There are also a plethora of optional objectives and enemy settlements to capture which the player can take part in. This really immerses you into the world and gives you the feeling of actually participating in the war. The major missions are still the highlight of the campaign though, as they include important historical events such as the Battle of Monte Casino.
But where the game really shines is in the map design, which can be seen in both the Italian and the North African campaigns. The Italian maps have varying terrain and a number of combat scenarios in urban places that are well-balanced. There are many elevation points here that can give any team occupying it a distinct advantage over their opponent.
Similarly, you have a number of options at your disposal to take out enemy soldiers who are garrisoned behind walls or in large buildings. You can force them out by bombarding them with grenades or sending a small team to flank them. The amount of engagement and strategy combinations are honestly mind-blowing and really allow you to think outside of the box to tackle some of these situations. The North African section also has distinct terrain ranging from rocky desolate valleys to small settlements.
One major gripe I have with the campaign is the complex nature of the resource management, skill levels, etc, as they have little to no impact on the battles you approach. The stakes of the game aren’t that high and these things matter less in the long run, removing the depth and strategic planning from this title, which are integral parts of any strategic game. Also, the events which take place during skirmishes are strictly embedded into the script and do not change dynamically. The enemy doesn’t even try to recapture towns on their own, except when it is demanded by the script. This dilutes the immersion we mentioned before in our Company of Heroes 3 Review. The AI can also be sometimes borderline atrocious and usually engages in a war of attrition instead of engaging smartly.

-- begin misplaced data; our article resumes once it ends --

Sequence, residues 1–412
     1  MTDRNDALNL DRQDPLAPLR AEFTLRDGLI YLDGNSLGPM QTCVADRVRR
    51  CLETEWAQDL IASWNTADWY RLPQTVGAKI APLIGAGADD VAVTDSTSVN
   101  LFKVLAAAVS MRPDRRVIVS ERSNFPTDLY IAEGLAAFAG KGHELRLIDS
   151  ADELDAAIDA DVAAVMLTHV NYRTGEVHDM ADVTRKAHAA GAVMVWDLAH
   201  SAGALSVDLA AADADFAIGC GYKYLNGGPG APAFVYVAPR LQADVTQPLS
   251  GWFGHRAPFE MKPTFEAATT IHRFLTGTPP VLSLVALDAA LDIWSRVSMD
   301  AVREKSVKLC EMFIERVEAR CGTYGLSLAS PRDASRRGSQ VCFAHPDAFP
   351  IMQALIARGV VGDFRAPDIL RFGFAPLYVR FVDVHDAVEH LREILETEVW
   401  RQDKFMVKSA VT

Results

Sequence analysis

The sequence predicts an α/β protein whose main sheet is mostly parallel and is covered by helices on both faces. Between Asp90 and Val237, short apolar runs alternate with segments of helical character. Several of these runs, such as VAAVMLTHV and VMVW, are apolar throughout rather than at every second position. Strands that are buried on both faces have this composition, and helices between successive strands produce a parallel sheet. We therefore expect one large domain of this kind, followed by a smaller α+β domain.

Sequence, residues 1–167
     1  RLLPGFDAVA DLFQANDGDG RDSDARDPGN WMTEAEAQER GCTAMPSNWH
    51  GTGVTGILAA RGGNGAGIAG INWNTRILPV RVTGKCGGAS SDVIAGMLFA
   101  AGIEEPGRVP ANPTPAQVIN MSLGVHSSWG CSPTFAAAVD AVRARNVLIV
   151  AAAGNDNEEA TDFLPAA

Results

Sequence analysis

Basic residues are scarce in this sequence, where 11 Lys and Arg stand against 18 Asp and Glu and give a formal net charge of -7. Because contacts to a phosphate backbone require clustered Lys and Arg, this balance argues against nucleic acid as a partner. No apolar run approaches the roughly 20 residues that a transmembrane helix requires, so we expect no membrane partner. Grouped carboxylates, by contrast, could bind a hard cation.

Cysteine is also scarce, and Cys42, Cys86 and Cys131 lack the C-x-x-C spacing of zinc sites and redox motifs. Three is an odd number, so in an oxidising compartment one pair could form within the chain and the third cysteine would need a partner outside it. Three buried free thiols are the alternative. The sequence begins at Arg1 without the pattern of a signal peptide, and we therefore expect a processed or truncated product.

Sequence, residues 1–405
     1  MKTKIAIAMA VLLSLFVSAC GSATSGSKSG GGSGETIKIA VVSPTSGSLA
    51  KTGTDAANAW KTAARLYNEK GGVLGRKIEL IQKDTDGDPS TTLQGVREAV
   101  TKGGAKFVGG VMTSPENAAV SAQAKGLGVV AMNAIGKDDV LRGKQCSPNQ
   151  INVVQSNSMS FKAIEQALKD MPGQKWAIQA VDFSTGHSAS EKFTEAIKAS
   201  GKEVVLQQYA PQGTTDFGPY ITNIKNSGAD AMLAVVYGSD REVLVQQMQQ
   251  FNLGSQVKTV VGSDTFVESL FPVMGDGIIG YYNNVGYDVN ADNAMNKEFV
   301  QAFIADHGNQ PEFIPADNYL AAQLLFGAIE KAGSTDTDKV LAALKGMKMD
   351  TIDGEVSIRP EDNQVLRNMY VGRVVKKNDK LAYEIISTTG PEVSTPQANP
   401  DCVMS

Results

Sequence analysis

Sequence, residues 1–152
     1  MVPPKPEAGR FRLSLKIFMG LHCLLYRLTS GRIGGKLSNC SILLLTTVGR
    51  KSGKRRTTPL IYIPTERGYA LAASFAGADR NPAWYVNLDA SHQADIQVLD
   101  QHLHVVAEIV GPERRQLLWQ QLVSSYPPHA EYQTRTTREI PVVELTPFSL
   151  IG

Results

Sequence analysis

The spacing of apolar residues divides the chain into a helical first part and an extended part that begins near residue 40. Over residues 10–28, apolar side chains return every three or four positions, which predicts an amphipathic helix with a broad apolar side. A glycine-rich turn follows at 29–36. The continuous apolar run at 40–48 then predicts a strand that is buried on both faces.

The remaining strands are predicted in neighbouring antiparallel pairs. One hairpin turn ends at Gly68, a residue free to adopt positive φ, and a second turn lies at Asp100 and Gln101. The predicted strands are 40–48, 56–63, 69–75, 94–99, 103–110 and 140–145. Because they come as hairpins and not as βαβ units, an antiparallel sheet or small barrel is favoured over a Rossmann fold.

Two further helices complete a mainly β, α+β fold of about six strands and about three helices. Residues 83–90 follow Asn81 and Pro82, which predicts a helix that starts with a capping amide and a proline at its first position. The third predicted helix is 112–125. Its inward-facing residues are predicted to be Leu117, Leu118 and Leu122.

Visuals And Performance
The visuals are mostly top-notch. From the vineyards of Italy to the desolate landscape of North Africa, both maps are distinct in their design. The scene of the battlefield is also beautifully crafted with bombs raining down, rifles going off, and buildings being set on fire. When all of these come together, they really do make for a sight despite the horrors that are being committed in-game. However, occasionally some low-effort texture work can be visible here and there, such as that on some tanks.
Unfortunately, there are also a number of bugs in the game which include weird troop movements and spawning troops in inaccessible locations where they can’t get stuck, just to name a few. My performance also tanked a number of times mid-game without any reason. These performance dips occurred randomly and I was not able to pinpoint the source. I tested it on a Core i7 6700 with a GTX 1060 6GB.
Company of Heroes 3 is a well-crafted RTS game marred by many glaring issues that hinder it from achieving true greatness. Although the story here isn’t important, the weird narrative pieces we get in the North African campaign fail to deliver what they aimed to.
Still, the gameplay and mission design is better than ever. I really enjoyed the sandbox nature of the Italian campaign. However, the missed opportunity when it comes to making use of the resource management mechanics, which is not helped by the dumb and the heavily scripted AI of the game, and the technical issues it faces have convinced me that this game needed more time in the oven before it was ready for release.
This has been our Company of Heroes 3 Review. While you’re here, consider checking out some of our other articles.